Yeah definitely, I don’t think you’d be a normal person if you weren’t intimidated because it’s definitely a step up. And they acknowledged that. They said that I was going to have to push myself, which is what you want to do. There are times where it gets quite stressful and you definitely have to be prepared and do your research. Some of the interviews, you sit down afterwards when they walk away and you’re like ‘wow! I actually interviewed that person, that’s great!’ It’s something that you wouldn’t expect to be doing in your first couple of years; and that’s something they’ve said to us, you know. It’s completely true that the opportunities you get at a small media company are not what you would get somewhere else. Somewhere like Private Media, which owns Crikey!, they give you more opportunities to try and extend yourself outside your age and your experience.

If you could write for anyone and write about anything, what would you do?

There is a part of me that still would love to be a travelling journalist, covering a massive sporting event. Say, if you were an Olympics reporter or a World Cup reporter and you got to go to an event, cover it and live it and breathe it for two or three weeks and be completely enveloped in this thing. But that’s the pinnacle of sports journalism and not an opportunity I would ever get.

I like writing long form journalism now. I didn’t anticipate that I would be doing that so soon and so early on in my career, but I’m really enjoying it. You think of the sort of current affairs magazines where you get more space and more time would be great. At the same time, working in a sort of breaking news environment at an organisation like the ABC would be a terrific experience as well.

What do you think is the most important characteristic or skill to have if you want to become a journalist?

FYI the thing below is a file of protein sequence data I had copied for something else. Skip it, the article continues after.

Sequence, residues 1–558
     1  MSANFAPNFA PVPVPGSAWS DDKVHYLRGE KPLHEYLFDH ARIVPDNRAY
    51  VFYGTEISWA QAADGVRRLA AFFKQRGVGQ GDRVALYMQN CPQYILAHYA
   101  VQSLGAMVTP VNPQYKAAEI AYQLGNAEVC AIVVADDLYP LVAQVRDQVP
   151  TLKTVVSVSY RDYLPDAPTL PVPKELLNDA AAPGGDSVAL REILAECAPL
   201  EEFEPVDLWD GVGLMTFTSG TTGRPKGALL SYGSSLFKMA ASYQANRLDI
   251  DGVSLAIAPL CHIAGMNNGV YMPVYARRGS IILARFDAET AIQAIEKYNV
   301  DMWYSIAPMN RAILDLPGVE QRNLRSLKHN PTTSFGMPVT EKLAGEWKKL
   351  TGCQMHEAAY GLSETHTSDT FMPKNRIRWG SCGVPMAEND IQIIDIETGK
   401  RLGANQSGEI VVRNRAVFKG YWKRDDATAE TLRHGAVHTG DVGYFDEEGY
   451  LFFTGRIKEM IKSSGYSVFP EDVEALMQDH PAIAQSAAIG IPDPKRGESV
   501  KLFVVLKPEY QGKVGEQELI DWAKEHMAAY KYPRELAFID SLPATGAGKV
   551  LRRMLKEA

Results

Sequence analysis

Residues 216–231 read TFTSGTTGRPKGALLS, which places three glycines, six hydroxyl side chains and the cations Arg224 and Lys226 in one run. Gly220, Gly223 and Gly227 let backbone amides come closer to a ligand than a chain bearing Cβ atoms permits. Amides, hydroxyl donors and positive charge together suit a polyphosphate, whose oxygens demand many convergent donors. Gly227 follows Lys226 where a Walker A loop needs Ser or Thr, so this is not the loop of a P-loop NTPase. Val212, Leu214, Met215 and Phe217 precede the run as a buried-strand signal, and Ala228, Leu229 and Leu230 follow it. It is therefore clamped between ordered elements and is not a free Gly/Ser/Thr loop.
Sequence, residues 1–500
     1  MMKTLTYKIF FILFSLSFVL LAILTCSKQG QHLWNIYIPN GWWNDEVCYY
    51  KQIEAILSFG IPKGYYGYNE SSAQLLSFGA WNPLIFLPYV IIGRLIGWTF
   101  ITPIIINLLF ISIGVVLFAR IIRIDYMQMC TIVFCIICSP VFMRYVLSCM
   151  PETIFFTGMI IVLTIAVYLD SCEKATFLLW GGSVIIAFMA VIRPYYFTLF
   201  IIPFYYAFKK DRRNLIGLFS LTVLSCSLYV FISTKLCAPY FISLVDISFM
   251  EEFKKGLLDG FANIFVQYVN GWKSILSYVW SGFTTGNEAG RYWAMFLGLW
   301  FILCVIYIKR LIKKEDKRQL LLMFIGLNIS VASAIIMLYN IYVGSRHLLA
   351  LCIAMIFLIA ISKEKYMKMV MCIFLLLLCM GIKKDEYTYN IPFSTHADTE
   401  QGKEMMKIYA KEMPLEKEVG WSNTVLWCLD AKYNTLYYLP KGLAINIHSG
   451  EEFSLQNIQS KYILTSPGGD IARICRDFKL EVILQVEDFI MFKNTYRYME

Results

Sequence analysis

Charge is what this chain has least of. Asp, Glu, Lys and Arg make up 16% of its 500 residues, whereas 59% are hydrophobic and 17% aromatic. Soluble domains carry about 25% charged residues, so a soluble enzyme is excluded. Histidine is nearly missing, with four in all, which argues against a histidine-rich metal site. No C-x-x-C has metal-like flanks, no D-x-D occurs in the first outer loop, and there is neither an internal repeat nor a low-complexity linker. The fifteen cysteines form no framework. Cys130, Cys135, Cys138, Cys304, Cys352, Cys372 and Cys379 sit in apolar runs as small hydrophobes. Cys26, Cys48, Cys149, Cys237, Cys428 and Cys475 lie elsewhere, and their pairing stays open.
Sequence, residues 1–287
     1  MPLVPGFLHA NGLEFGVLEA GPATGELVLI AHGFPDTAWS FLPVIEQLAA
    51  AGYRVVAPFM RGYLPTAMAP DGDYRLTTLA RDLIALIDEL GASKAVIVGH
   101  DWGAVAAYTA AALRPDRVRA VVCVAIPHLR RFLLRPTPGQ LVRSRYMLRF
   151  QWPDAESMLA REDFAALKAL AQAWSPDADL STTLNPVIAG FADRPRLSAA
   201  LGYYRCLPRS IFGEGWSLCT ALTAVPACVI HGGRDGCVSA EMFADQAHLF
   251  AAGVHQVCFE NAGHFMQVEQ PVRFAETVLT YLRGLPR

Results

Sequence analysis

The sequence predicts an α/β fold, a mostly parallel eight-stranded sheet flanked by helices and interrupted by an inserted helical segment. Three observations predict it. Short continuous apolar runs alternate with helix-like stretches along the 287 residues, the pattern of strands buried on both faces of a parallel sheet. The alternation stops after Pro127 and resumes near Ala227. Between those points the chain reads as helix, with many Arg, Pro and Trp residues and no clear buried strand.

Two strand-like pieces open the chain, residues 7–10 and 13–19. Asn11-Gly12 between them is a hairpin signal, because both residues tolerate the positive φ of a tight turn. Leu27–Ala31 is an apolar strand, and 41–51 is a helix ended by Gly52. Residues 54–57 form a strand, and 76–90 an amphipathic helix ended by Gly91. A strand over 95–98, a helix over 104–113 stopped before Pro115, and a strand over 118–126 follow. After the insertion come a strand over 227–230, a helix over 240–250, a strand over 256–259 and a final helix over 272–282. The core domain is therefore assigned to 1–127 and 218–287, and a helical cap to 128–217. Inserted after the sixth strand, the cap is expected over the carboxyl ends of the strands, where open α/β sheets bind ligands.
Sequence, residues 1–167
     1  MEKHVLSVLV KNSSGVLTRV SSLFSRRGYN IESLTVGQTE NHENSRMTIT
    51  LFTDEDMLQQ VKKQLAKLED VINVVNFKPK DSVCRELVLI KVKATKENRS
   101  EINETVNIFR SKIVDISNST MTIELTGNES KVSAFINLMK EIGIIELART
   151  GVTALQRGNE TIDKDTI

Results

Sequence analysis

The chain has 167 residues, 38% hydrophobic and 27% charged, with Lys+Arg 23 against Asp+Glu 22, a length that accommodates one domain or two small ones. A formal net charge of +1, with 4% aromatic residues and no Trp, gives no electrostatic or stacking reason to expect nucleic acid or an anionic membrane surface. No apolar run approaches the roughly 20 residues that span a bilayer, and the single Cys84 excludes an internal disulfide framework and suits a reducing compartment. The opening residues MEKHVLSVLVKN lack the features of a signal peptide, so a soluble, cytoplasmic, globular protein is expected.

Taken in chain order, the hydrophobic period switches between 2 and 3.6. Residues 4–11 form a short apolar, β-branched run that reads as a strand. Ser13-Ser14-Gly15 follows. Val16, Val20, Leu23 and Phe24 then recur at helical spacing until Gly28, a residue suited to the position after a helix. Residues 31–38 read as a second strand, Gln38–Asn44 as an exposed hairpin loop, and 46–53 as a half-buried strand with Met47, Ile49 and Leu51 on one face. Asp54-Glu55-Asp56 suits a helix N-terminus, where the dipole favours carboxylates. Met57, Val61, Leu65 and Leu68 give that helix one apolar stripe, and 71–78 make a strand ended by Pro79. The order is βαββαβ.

I definitely think persistence. While it might also help you get a job; well you will, if you’re persistent you will get one. It is also great for when you are a journalist because when you are chasing a story, when you are following up leads, making the phone calls, doing the research, that same skill transfers perfectly across.

Thick skin is important. You definitely get criticised, regardless of what job you’re in someone will have a crack at you. It’s happened to me and every one of my colleagues has that as well. Journalism is one of those professions that people really love to knock. They always do those happiest profession lists and journalists always end up being down at the bottom. You are always in those situations where people might like to criticise you and where you have to do things you may not want to do. That’s one of those things about journalism; often you have to report on things that are not great. So you have to deal with those kinds of situations.

Also, confidence, I certainly didn’t have it when I started. I think you can build it and if you really enjoy [journalism] you will start to get more confident in your work and you can see yourself getting better. I look back at my old writing and look at my current writing and you can see a clear difference in my ability and it makes you that much more confident and will only help you progress in your career.

Tom Cowie is on twitter: @tom_cowie

Julia McDonald is completing her Masters of Global Communications at La Trobe University. Follow her on Twitter @Jules_mcdonald.